Sidewalk replacement program in Ferndale gets approval

By: Mike Koury | Woodward Talk | Published July 27, 2022

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FERNDALE — On July 11, the Ferndale City Council approved two items regarding the replacement of sidewalk flags.

During the meeting, the council approved the 2022 Sidewalk Replacement Program and the bid from Luigi Ferdinandi & Son Cement Co. for an estimated $266,700. Construction is slated to take place within the boundaries of Eight Mile Road to West Marshall Street, Woodward Avenue to Livernois Street, Eight Mile to East Hazelhurst Street, and Woodward Avenue to the CN railroad tracks.

The council last discussed the program at its June 27 meeting, tabling the item after hearing concerns from residents during a public hearing. Residents’ main concern was hardships in paying for the replacements. The cost of a sidewalk flag in  need of replacement is passed to the property owner, whether the owner is a resident, business or the city of Ferndale itself.

Department of Public Works Director Dan Antosik said that after construction is complete, the city would get a final cost estimate together and notify the property owners, who can either pay at that time or have it go on their winter taxes.

At the last meeting, the council directed city staff to get more feedback on the Michigan Department of Treasury rules on poverty eligibility and interest rates, as well as explore the feasibility of alternative funding support for residents who are approved for a hardship by the Hardship Review Committee in the fall.

As for the update from the Treasury, Antosik said Ferndale learned recently that the department no longer offered a deferment program as of 2020.

“All of the criteria that the hardship committee has used historically was based on the statute, and the statute is suspended. It’s no longer an option,” he said. “However, because council tabled it and asked us to look into different options, we’ve replaced that with an option that focuses solely on a financial hardship.”

Crediting Community Development Specialist and Assistant Building Official Emily Loomis for finding a solution, Antosik said the city would be using $5,000 annually of Community Development Block Grant funds from its minor home repair program to help subsidize, on a case-by-case basis, payments for property owners.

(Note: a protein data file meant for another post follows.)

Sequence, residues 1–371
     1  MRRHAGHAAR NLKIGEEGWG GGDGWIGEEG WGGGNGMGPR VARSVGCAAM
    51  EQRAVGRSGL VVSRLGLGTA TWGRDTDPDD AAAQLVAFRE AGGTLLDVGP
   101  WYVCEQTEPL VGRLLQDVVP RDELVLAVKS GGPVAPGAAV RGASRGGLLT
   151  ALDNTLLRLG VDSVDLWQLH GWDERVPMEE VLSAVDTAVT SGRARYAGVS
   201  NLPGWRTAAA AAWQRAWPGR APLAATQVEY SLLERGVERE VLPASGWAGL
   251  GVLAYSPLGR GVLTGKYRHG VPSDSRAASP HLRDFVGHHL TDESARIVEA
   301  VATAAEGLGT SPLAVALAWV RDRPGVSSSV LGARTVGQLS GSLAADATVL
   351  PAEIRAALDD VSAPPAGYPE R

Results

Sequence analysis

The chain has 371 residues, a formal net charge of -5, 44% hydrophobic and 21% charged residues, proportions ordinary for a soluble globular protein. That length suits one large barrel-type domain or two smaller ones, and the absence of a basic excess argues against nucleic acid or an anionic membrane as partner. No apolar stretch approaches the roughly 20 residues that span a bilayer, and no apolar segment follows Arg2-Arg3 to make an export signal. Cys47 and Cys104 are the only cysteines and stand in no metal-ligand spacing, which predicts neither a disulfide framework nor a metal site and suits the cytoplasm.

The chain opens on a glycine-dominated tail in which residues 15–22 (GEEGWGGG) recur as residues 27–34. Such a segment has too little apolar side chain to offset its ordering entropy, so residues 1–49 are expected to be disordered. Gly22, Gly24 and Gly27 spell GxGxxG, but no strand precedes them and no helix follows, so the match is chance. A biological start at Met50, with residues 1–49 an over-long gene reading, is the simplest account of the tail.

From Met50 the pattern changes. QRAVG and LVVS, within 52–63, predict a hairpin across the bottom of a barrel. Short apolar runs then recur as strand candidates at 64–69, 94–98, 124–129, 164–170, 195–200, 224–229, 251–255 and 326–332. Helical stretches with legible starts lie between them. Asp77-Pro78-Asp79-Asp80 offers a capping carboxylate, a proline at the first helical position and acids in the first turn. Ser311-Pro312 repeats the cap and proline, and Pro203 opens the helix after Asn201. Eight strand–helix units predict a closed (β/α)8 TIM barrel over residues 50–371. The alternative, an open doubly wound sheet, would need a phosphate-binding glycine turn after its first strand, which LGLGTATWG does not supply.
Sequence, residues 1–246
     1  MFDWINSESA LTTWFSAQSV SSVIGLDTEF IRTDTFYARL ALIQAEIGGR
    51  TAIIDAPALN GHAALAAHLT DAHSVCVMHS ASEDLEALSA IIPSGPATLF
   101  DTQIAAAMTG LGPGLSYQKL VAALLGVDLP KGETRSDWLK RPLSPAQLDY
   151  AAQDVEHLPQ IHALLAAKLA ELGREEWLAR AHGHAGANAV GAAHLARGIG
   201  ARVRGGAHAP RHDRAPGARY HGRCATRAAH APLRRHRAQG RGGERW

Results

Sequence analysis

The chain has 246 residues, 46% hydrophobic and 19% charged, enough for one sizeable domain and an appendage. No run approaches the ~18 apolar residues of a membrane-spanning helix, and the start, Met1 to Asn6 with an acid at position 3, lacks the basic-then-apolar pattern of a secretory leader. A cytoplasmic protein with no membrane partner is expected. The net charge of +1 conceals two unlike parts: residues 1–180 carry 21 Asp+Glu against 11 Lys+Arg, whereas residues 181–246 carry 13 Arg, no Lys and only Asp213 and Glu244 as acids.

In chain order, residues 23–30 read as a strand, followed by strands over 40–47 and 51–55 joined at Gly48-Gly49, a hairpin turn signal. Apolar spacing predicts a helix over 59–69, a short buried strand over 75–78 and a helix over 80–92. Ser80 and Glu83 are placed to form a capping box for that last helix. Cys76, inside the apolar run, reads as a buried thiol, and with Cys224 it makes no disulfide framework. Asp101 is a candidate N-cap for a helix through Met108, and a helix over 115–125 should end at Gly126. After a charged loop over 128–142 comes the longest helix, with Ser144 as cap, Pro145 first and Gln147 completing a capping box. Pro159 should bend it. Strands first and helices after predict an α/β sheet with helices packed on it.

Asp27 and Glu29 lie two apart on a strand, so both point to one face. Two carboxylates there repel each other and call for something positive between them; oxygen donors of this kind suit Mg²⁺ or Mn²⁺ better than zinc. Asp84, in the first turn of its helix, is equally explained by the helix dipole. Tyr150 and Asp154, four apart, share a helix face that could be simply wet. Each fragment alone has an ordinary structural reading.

“Property owners whose gross household income that is characterized by Oakland County’s Community Development Block Grant policy as extremely low or very low, or residential property owners whose assessments are over $500, be granted additional time to pay at an interest rate of a half a percent per month or 6% yearly, if they can establish a hardship when they meet with the hardship committee,” he said. “It’s based on a number of factors, and income does come into play with that.”

According to the city, from the 1,956 properties it inspected, 634 were identified to have deteriorated sidewalks that needed replacement flags. The costs for a 5-by-5-foot and 4-inch thick sidewalk flag is $175, and a 5-by-5-foot and 6-inch thick flag, usually adjacent to the driveway, is $200.

City documents stated the total estimated cost that will be assessed to property owners is $238,155, and the estimated cost to Ferndale for sidewalk replacement along the parks is $22,875.

Council voted to approve the program and contract, both with 4-1 votes. The council member who voted against the items was Councilwoman Laura Mikulski, who told the Woodward Talk that she voted no due to concerns about inflation and the burden of the cost on residents. She stated that the loss of the deferment program was a factor in her vote.

“There was nothing wrong with that contract with the concrete supplier. It was about consistency,” she said. “If I’m not voting for the sidewalk assessments, I’m not voting to accept the contract either.

“I’m very satisfied that we did our due diligence and that DPW provided all the information that we needed. My stance is more a reflection, again, of concerns with inflation being as high as they are and the residents having to bear this unexpected cost at a time when they’re going to bear unexpected costs across the board,” she continued.